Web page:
HALIFAX -- Prince Edward Island announced the 'Moving Forward Plan’ to reopen the province during a news update on Thursday.

Dr. Heather Morrison, the province's chief public health officer, says the five-step plan is based on several principles, including the vaccine status of Island residents and visitors, COVID-19 testing for travellers at the point of entry, and self-isolation for travellers arriving to P.E.I.

"General public health measures, such as physical distancing and masking in certain situations, will continue to provide a solid foundation for the Moving Forward plan with the potential for easing many of these measures in the fall," continued Morrison.

“The Moving Forward Plan is built on the same principles we have followed since the beginning of the pandemic,” said Premier Dennis King. “It is a cautious, careful and measured approach. That recipe has been good for us to now, and will continue to be the one that guides us until the end.”

Morrison says the province's reopening plan will begin on June 6 with step one, which will see the following changes:

  • Personal gatherings can have a maximum of 20 people, an increase of the current limit of a household plus 10.
  • Funerals can have a maximum of 150 attendees, an increase of the current limit of 100. .
  • Weddings can have a maximum of 150 attendees at both the ceremony, and reception, provided they are hosted by a recognized business or organization. Currently the maximum is at 100 attendees at a ceremony and 50 at a reception.
  • Restaurants can increase their table size to 20 people and there are no restricted closing times.

Step two will take effect on June 27, and will see travel permitted from Atlantic Canada with no self-isolation for travellers with at least one dose of vaccine, and shortened self-isolation for unvaccinated travellers.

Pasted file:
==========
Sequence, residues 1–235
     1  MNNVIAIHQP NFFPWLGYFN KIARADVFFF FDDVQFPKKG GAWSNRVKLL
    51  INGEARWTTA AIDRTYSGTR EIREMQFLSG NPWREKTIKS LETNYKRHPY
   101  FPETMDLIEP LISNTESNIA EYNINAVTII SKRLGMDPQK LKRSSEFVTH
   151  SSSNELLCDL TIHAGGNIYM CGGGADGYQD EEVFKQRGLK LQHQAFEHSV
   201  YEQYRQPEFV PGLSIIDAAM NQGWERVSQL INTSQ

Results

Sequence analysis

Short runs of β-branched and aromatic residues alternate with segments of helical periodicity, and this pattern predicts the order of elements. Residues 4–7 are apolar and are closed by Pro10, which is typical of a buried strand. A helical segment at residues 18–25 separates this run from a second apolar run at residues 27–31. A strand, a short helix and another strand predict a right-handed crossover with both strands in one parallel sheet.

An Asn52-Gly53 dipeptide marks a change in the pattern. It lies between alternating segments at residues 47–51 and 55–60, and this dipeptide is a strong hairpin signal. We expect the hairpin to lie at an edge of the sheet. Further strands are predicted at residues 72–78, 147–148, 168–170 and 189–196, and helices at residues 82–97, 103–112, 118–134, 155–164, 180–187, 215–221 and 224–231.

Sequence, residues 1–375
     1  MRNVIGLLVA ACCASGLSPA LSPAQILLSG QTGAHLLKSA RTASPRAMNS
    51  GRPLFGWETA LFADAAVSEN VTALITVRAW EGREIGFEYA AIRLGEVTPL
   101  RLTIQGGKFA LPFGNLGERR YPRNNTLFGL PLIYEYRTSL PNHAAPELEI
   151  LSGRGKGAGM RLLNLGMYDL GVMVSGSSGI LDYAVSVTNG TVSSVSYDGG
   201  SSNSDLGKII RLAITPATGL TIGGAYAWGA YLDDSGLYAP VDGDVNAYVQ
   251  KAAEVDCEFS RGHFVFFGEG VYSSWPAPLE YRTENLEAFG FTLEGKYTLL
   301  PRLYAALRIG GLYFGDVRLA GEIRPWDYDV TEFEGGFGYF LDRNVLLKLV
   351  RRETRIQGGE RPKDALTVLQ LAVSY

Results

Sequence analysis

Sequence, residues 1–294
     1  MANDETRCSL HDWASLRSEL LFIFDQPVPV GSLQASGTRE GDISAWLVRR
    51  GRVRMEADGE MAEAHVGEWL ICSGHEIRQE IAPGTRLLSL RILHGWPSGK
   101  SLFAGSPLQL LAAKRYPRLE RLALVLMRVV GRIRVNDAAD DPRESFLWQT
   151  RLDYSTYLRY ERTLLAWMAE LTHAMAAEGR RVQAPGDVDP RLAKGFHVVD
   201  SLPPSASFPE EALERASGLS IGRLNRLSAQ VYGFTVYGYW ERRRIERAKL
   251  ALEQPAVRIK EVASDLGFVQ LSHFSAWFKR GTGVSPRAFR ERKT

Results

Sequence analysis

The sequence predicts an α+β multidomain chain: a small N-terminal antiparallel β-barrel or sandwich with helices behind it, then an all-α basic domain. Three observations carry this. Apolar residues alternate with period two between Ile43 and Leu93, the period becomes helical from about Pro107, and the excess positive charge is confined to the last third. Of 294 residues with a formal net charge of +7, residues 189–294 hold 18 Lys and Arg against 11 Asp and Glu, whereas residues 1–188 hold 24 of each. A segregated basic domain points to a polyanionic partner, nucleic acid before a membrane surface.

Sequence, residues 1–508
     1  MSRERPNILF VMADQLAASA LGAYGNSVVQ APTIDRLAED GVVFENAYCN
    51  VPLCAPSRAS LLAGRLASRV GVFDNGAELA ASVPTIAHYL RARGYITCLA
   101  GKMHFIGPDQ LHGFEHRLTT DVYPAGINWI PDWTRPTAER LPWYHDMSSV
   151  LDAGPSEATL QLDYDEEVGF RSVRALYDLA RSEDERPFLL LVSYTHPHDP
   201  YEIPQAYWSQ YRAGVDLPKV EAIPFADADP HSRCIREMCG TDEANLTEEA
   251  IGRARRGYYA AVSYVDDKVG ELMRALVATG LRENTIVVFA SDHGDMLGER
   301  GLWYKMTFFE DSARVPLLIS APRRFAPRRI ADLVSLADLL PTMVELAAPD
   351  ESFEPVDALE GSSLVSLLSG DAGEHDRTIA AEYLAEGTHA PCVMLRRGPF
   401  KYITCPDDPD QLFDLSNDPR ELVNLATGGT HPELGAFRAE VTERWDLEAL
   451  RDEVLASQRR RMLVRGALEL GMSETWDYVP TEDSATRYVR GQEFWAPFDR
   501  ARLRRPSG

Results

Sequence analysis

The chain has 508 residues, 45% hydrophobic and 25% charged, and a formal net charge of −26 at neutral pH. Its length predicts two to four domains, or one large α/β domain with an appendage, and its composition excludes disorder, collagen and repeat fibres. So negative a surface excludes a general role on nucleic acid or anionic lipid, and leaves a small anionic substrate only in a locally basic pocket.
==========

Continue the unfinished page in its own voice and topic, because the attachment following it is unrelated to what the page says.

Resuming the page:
“People travelling from inside Atlantic Canada who are fully, or partially vaccinated, will be required to test, but will not need to self-isolate,” said Morrison. “This applies equally to Islanders who are leaving and coming back to P.E.I. from within the region, as well as visitors from Atlantic Canada.”

Step three will take effect on July 18, and will see further easing of P.E.I. public health measures to allow for larger gatherings.

Morrison said step three will include "some easing of non-medical mask requirements", with people no longer having to wear a mask in public places where physical distancing is enforced. Step three will also see another increase in gathering limits, with a maximum of 100 people indoors, and 200 people outdoors. Activities that require close contact, such as sports, will be limited to a single cohort of 100 per day, an increase from 50.

Step four will take effect on Aug. 8 and will see travel permitted from outside Atlantic Canada with no self-isolation for fully-vaccinated travellers, and shortened self-isolation for partially vaccinated travellers, with pre-travel approval for non-P.E.I. residents. This will also allow Island residents to travel outside of Atlantic Canada without being required to self-isolate upon return.

Step five will take effect on Sept. 12 and will see limited public health measures, including no personal or organized gathering limits, no pre-travel approval or travel streams for travellers within Canada, some isolation and testing measures for unvaccinated and partially vaccinated travellers and no testing at points of entry or border screening. Morrison says international travel will depend on federal measures.

Morrison says the province has a target of 80 per cent of Islanders over 12 being fully vaccinated by September, and that currently 8.8 per cent of the population have received two doses of vaccine.

“There will be breakthrough cases of COVID-19 in people who are immunized, meaning the vaccine provides good protection, but is not 100 per cent,” said Morrison.

P.E.I. currently has 13 active cases of COVID-19. The province has had a total of 200 positive cases of the novel coronavirus since the pandemic began, and no deaths related to the virus.


Canada’s COVID-19 Alert app is available in Prince Edward Island.

The app, which can be downloaded through the Apple App Store or Google Play, notifies users if they may have been exposed to someone who has tested positive for COVID-19.


Prince Edward Island provides a list of possible COVID-19 symptoms on their website, which include:

  • new or worsening cough
  • shortness of breath or difficulty breathing
  • fever/chills
  • sore throat
  • runny nose, sneezing, congestion
  • headache
  • muscle/joint/body aches
  • feeling unwell/unusual tiredness
  • acute loss of sense of smell or taste

Other symptoms like nausea, vomiting, or diarrhea have been reported, but typically along with other COVID-19 symptoms, and may be seen more often in children.

This is a developing story and will be updated.